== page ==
Can't say enough about the Devonshire & the staff. My Mother has been a resident for 7 years. She lived in the independent wing and then assisted. The team have created a warm, caring & fun community for it's seniors. Many thanks!
Writing is Right Back
Keeping a journal as a senior is one way of keeping your memories alive and your brain sharp. Writing is a way for seniors to express themselves and be open in their thought process. It doesn’t matter if anyone even reads what is written but putting pen to paper is important. It is a tool for their brain to recall one’s history and something that may make them proud of reading and sharing. When one writes they are exercising their brain. Writing improves cognitive functions and will help with memory loss acting as a tool for thinking and creativity. It is a wonderful outlet for people of all ages. There is evidence that the act of writing leads to strong physical and mental health benefits. It helps with improvements in mood, stress levels and depressive symptoms.
Improves Cognitive Functions
Writing is a challenge, requiring you to frequently tap into parts of your brain that aren’t always exercised. Working on a creative project in general is also good for strengthening the connections between brain cells, which often decline with age, contributing to memory loss. Writing is also a great way to practice expanding your vocabulary, a great way to learn and keep your mind healthy.
Helps Communication Skills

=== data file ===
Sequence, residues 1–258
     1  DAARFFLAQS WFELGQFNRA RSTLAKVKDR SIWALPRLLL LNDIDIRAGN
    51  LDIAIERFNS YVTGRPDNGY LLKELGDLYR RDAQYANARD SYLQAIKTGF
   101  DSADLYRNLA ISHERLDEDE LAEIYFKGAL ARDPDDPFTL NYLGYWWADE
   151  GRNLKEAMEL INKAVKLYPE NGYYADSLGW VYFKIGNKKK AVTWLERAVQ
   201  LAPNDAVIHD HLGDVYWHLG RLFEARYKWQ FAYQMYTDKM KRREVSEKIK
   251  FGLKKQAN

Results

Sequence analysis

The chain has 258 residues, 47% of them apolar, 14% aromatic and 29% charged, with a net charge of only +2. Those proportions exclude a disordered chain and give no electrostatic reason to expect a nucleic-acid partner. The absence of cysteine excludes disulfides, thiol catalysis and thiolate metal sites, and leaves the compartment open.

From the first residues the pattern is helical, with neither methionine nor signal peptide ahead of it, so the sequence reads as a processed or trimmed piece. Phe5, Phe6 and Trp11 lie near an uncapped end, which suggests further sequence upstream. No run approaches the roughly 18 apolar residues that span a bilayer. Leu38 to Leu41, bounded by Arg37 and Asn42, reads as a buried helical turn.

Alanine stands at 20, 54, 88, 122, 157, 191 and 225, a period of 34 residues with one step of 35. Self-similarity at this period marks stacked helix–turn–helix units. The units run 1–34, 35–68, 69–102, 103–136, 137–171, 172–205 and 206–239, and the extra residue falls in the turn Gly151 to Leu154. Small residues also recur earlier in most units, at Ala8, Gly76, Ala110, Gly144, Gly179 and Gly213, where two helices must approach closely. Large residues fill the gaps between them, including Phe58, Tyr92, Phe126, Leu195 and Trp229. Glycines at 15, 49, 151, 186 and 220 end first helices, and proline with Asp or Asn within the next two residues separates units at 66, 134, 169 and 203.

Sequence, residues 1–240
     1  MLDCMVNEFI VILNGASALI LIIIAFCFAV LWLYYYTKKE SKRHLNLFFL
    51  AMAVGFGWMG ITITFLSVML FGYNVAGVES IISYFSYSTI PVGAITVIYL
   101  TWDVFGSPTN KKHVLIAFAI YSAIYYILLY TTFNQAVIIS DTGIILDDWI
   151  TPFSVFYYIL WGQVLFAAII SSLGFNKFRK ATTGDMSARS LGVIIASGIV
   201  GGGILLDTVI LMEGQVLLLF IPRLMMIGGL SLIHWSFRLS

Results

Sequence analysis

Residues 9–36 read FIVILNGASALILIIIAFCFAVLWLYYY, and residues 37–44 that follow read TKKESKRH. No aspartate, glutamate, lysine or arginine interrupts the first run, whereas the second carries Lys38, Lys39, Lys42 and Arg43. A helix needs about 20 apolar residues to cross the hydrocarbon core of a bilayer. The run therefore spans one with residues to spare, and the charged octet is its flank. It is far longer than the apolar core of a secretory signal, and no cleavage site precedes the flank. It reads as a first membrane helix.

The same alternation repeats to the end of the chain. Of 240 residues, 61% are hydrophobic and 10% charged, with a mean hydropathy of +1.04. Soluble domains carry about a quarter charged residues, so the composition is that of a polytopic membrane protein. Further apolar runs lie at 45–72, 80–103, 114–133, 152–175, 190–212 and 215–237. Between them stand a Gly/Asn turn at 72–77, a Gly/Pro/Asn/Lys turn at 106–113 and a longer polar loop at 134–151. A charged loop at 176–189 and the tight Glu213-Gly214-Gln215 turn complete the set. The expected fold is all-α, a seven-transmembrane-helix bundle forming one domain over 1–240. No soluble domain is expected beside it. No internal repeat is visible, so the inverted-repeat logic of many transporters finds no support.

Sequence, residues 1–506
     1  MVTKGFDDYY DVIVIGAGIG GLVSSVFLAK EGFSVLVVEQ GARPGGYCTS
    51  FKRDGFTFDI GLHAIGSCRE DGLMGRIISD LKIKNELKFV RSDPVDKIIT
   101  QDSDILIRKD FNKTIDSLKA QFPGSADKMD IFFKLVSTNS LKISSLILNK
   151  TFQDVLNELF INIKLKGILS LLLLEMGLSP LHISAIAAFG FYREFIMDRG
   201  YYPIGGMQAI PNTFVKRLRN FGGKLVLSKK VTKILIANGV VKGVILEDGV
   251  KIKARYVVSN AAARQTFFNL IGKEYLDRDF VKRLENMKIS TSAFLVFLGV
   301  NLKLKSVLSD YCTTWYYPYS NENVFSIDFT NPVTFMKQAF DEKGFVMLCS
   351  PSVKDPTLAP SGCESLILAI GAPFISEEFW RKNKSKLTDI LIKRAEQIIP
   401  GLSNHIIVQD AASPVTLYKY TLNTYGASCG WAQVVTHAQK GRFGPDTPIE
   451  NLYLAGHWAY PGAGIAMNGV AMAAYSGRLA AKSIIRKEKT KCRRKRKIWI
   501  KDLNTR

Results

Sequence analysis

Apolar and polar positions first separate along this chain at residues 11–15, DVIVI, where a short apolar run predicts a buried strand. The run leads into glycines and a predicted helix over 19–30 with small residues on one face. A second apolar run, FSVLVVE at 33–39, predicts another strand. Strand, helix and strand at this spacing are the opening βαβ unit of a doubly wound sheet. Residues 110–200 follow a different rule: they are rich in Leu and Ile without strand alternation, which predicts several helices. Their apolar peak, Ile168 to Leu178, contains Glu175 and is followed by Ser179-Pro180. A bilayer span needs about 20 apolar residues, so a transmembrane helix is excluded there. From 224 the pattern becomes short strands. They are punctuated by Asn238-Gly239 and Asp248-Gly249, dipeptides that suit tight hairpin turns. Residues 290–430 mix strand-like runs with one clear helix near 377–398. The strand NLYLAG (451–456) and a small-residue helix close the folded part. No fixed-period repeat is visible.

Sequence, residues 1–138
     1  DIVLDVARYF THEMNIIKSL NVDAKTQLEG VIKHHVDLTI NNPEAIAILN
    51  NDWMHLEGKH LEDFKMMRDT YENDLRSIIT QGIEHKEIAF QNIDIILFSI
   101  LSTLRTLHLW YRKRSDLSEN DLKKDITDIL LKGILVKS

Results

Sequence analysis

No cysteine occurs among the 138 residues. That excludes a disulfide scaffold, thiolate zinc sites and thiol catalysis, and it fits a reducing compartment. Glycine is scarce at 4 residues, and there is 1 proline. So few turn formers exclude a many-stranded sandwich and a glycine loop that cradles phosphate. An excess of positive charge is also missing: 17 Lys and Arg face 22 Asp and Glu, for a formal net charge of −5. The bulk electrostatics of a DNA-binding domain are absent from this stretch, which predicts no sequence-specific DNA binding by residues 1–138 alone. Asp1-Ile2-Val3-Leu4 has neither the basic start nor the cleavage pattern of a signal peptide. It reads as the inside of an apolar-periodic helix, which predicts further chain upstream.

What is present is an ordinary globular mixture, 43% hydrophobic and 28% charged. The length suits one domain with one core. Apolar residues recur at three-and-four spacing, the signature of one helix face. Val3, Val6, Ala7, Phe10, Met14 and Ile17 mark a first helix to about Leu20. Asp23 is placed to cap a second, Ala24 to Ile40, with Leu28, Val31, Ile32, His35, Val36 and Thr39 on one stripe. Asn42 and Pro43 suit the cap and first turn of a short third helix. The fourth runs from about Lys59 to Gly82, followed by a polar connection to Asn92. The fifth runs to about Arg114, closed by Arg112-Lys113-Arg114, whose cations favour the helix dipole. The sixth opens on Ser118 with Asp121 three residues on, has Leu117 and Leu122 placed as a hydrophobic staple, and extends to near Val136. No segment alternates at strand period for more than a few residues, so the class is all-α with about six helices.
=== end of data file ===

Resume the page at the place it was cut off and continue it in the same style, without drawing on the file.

If you are shy or just quiet by nature, writing can help you discover a new voice and actually give you more confidence when communicating with others. By boosting your self-esteem and self-confidence you will find it’s easier to carry on a conversation with those around you. Writing can also help you communicate to others through your work. Don’t be afraid to share what you’ve written with others as showing your work is a great way to make new connections with those around you.
Provides an Outlet for Emotions and Stress
Writing is known for its therapeutic properties, which is why it’s often recommended that seniors keep a journal to document their thoughts and emotions, particularly after the loss of a loved one, or another major life change, such as relocating to an independent or assisted living community. Having a safe outlet for expressing your feelings can help limit the harmful effects stress can have on the mind and the body.
James W. Pennebaker has conducted research on writing at the University of Texas at Austin. “When people are given the opportunity to write about emotional upheavals, they often experience improved health.” Pennebaker writes. “They go to the doctor less. They have changes in immune function.”
So, get your pen and paper out and start writing! Enjoy yourself and feel better all at the same time! Happy Writing!